Tuesday, August 7, 2012

Mesa Verde - 2006 Amor Fati

Band : Mesa Verde
Album : Amor Fati
Release Year : 2006
Genre : Screamo | Post-Rock

Tracklist :
1. Clarity With Distance
2. Substance Abuse
3. MRB
4. Dance Dance Dance

Hailing from the heart of Scotland, Mesa Verde are here with their debut EP ‘Amor Fati’. They’re the sort of band that is hard to categorise or pigeonhole, yet their influences are obvious, ranging from prog-rock, to metal, to good old fashioned hardcore. In this 24-minute EP.The introduction to ‘Clarity with distance’ is a misleading excerpt that takes influence from prog-rock heroes Tool, before descending into madness. Fortunately, it’s the organised kid of madness that makes for pleasant hearing. Sounding like a b-side of some kind of Thursday/Poison the

Well supergroup hybrid, it’s a well structured piece that utilises some great guitar and drum work to create an epic sound. ‘Substance Abuse’ is something of a let down after the first track, as the ghostly progressive sound is replaced by the more straight-up hardcore elements. While not being a bad song itself, it’s by far the weakest here. Following this is a sort of prelude to the following track which allows us to hear the gentler side of Mesa Verde. Sounding like a live recording, it demonstrates the band’s compositional ability, before we are hit with ‘Dance Dance Dance’. The aforementioned serves as a brilliant contrast to the instrumental interlude, as it returns back to the heavier side of things, with some pretty experimental drumbeats throughout, and a definite structure proving hard to pinpoint. Not that this is a negative point though – when music like this is done wrong, it ends up sounding crap, cheesy and rushed. Fortunately Mesa Verde gets it spot on and proves they have the talent to pull these kinds of songs off.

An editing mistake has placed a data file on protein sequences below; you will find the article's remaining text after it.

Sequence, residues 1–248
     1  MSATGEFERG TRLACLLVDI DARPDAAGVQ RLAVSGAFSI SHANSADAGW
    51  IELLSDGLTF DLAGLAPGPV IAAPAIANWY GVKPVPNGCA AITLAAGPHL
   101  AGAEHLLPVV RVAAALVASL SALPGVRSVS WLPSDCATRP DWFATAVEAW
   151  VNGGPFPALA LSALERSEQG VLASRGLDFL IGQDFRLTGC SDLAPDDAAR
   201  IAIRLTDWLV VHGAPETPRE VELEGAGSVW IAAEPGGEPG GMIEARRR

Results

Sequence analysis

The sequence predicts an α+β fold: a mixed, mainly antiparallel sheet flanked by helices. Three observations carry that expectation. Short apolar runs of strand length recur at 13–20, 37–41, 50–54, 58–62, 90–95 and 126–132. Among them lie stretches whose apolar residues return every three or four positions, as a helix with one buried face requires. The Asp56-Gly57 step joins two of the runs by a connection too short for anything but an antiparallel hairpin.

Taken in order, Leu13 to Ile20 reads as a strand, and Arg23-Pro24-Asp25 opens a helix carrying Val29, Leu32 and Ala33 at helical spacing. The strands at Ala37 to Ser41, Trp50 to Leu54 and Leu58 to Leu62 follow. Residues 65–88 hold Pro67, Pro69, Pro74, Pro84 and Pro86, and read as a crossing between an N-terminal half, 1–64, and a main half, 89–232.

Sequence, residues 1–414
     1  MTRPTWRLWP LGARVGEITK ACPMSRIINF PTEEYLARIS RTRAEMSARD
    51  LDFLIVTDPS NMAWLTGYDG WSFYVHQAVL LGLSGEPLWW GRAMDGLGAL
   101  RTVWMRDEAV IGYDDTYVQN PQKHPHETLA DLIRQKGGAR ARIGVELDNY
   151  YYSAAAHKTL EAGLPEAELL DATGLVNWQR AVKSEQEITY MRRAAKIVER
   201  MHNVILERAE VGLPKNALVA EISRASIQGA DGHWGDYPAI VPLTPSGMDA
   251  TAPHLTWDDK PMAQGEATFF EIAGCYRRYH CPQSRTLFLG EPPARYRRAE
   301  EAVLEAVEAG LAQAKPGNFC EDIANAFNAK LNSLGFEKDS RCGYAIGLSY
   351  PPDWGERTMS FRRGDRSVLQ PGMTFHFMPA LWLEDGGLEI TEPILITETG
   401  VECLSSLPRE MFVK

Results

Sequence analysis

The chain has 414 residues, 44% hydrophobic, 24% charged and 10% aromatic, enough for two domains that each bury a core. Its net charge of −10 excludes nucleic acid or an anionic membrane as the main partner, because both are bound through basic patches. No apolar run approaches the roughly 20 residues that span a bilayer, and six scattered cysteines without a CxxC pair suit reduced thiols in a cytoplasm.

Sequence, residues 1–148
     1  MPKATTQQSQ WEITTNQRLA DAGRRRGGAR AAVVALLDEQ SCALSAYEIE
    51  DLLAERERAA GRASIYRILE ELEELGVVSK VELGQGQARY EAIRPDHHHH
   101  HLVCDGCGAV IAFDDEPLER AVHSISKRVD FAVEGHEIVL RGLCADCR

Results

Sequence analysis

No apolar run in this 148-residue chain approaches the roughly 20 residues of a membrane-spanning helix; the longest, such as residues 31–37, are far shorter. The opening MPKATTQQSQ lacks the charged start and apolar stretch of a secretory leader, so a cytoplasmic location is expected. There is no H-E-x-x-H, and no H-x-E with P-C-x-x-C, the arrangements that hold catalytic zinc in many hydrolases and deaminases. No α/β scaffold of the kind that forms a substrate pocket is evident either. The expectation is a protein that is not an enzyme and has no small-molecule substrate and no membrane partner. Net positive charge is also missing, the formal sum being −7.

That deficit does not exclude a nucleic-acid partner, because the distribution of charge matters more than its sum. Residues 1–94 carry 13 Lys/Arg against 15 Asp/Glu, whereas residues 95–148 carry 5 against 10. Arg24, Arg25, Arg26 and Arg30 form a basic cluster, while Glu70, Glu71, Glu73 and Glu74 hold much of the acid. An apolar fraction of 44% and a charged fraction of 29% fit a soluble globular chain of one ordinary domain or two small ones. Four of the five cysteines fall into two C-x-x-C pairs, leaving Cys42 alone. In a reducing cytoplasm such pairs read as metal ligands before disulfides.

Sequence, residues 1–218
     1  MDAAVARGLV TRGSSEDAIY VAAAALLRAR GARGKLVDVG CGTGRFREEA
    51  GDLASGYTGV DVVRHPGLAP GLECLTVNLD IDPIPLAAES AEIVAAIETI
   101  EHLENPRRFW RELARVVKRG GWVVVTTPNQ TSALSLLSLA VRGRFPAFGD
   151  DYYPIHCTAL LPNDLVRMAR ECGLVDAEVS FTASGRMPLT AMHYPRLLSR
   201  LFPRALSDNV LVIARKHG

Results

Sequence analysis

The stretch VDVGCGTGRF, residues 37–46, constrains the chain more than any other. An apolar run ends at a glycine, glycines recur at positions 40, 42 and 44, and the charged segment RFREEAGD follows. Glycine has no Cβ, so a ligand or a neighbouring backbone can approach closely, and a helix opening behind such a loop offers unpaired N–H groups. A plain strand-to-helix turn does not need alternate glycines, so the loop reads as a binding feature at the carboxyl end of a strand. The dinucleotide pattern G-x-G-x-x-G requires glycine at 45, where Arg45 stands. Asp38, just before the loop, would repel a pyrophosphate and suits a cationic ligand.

Ending on a colossal 11-minute journey without a name is the finest idea this band have offered on this 4-track EP. There really are bits of everything thrown in here, and it’s the sort of idea that shouldn’t work at all, but it just does. Pulling together all their influences, they manage to have created a track which sounds entirely unique in today’s musical landscape, and serves as a well overdue piece of refreshment from the copycat bands polluting our venues and labels. I’d like to see this band make a name for themselves, as ‘Amor Fati’ is actually a great record, but because it’s so unconventional, so experimental and ultimately so varied; I struggle to see this happening. -Andy R (punktastic)

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